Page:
Spread the Word to End the R-word
How "retardation" Went from a Clinical Description to a Word of Dehumanization
When originally introduced, the terms “mental retardation” or “mentally retarded” were medical terms with a specifically clinical connection; however, the demeaning forms, “retard” and “retarded” have been used widely in today’s society to degrade and insult people with intellectual disabilities. Additionally, when “retard” and “retarded” are used as synonyms for “dumb” or “stupid” by people without disabilities, it only reinforces the painful stereotypes of people with intellectual disabilities being LESS valued members of humanity.
“EVERYONE has a gift and the world would be better off if we recognized it.” –
Timothy Shriver, Chairman and CEO of Special Olympics
Spread the Word to End the Word was founded by college students Soeren Palumbo and Tim Shriver in the year of
On October 5, 2010, U.S. President Barack Obama officially signed bill S. 2781 into Federal Law. It is called Rosa’s Law, which took its name and inspiration from 9-year-old Rosa Marcellino. This law removes the terms “mental retardation” and "mentally retarded" from Federal Health, Education, and Labor Policy and replaces them with people first language “Individual with an Intellectual Disability” and “Intellectual Disability.” The signing of Rosa’s Law is a significant milestone in establishing dignity, inclusion and respect for all people with intellectual disabilities
What is Spread the Word?
Spread the Word to End the Word is an on-going effort to raise awareness to our society about the dehumanizing and hurtful effects of the word "retard(ed)", and encourage people to now pledge to stop using the R-word. The campaign is intended to get schools, communities and organizations to rally and pledge their support.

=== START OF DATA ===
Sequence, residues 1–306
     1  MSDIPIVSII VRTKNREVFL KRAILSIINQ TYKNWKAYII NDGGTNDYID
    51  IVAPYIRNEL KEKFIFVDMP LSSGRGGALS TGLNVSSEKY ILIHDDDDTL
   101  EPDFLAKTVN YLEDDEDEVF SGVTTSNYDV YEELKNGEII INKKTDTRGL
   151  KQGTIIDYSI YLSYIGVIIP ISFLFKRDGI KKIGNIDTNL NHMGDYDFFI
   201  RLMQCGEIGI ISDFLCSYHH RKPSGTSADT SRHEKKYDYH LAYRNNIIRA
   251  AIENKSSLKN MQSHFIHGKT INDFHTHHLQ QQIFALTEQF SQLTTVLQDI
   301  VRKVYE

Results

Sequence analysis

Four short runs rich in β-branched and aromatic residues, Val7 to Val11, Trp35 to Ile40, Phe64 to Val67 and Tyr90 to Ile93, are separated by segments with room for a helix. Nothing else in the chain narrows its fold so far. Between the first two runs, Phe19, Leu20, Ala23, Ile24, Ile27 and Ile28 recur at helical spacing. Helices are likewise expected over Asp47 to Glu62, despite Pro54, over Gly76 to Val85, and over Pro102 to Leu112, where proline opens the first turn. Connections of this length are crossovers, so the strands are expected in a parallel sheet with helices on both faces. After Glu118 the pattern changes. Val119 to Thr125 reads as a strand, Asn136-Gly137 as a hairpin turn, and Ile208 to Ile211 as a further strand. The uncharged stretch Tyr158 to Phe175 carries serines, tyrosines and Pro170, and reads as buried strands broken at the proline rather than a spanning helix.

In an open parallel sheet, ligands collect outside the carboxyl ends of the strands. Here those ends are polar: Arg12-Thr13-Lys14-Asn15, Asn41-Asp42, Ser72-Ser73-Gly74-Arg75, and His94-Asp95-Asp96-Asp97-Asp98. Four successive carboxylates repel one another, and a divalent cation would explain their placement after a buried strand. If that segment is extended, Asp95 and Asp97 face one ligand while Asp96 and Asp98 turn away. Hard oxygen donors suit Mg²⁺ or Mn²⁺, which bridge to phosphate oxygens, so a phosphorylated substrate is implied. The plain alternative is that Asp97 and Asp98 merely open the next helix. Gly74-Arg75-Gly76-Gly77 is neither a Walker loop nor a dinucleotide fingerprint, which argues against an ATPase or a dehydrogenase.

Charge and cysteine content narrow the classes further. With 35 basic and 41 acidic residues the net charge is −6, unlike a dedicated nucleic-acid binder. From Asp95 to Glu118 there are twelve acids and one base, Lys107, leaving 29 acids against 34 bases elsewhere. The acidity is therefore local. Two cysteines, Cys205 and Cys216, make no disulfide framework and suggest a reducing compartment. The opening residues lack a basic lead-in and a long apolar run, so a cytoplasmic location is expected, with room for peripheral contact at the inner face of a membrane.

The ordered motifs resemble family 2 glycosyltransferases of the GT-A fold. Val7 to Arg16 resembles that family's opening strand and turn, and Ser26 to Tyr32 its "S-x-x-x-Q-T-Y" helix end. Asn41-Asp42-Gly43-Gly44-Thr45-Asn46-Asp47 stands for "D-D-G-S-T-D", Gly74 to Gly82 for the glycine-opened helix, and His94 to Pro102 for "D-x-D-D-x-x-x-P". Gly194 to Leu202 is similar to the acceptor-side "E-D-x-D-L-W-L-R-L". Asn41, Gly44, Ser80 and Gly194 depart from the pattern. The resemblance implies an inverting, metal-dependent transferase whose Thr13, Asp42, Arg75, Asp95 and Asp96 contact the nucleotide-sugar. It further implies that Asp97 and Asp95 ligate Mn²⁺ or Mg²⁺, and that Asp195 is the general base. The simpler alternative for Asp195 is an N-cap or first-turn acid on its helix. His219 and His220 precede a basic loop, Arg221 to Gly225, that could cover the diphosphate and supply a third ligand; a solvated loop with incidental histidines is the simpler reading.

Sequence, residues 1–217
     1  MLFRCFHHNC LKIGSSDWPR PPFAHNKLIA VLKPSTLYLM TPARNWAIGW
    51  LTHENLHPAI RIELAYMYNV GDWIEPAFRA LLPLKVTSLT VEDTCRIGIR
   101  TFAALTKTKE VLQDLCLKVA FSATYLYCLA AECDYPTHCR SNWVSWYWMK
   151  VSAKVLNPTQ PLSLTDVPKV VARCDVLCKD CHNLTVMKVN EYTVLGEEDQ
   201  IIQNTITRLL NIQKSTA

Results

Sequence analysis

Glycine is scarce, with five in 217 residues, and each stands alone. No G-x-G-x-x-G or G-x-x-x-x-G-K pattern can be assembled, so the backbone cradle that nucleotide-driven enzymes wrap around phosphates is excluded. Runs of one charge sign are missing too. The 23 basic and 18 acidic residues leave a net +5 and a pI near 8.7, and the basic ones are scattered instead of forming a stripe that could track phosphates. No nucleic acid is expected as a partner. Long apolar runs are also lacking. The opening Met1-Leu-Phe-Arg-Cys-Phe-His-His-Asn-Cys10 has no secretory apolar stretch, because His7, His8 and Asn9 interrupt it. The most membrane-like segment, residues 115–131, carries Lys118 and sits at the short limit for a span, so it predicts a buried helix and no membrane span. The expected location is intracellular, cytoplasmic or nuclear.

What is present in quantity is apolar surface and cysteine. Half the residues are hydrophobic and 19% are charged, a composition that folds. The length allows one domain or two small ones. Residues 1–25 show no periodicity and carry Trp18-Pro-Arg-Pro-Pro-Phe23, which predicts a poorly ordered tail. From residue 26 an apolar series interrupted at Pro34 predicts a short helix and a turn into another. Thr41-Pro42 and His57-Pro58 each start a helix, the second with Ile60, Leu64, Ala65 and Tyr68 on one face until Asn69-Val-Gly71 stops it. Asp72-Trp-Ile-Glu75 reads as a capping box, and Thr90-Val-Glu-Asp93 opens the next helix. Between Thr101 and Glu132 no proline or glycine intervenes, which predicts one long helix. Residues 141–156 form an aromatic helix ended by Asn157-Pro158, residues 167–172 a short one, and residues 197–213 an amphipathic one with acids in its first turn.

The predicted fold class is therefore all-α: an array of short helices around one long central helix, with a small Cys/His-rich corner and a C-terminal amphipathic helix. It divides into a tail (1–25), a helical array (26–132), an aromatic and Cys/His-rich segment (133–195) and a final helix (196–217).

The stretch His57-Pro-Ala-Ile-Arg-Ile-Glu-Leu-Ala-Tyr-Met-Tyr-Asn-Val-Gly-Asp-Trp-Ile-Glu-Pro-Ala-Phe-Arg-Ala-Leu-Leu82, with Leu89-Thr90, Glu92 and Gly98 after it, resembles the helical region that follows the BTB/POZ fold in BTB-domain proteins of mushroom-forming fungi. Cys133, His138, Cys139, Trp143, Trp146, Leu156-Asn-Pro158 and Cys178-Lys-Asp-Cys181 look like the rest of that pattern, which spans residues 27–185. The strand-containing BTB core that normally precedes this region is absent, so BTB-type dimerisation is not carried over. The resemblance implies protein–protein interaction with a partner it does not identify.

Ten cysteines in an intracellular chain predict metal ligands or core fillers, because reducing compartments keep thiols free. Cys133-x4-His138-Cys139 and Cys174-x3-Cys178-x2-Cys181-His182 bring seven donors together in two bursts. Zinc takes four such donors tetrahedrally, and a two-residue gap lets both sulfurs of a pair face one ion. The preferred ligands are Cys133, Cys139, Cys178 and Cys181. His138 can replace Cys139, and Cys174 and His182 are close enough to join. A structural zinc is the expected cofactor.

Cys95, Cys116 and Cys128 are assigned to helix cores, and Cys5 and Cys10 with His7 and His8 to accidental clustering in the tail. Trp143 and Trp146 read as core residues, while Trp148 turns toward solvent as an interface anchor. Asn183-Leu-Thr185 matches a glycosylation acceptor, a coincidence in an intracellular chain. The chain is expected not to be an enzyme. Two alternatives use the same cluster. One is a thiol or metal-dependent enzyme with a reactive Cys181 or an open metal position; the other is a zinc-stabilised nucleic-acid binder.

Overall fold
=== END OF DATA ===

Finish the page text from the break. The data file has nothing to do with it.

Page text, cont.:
To Pledge and learn more log on to- www.r-word.org
It all began in the early 1960s, when Eunice Kennedy Shriver saw unfairly people with intellectual disabilities were treated. She also saw that many children with special needs did not even have a place to go out and play at. This is when Eunice decided it was time to take some action and make a difference. "With a plan in mind, her vision began to take shape, she held
a summer day camp for young people with intellectual disabilities in her own backyard!" The goal was to learn what these children could do in sports and other activities – and not dwell on what they could not do. This vision eventually grew into the global Special Olympics.
To Make Special Olympics possible there are many people that are involved-
The athletes: They are the key, these people show that even if you have an intellectual disability you have the "ability" to do what you set your heart, soul, and mind on.
The Coaches and Volunteers: These people make it happen, they are the "behind the scenes" kind of people. They take out their time of day to help the athletes reach their full potential, and also help in what ever needs to be done.
The Family's: The family's are a big part in Special Olympics, they are the supporters, motivators, and the cheer leaders!
Get involved or find out if your company can donate log on to- www.specialolympicsminnesota.org
Or to go International log on to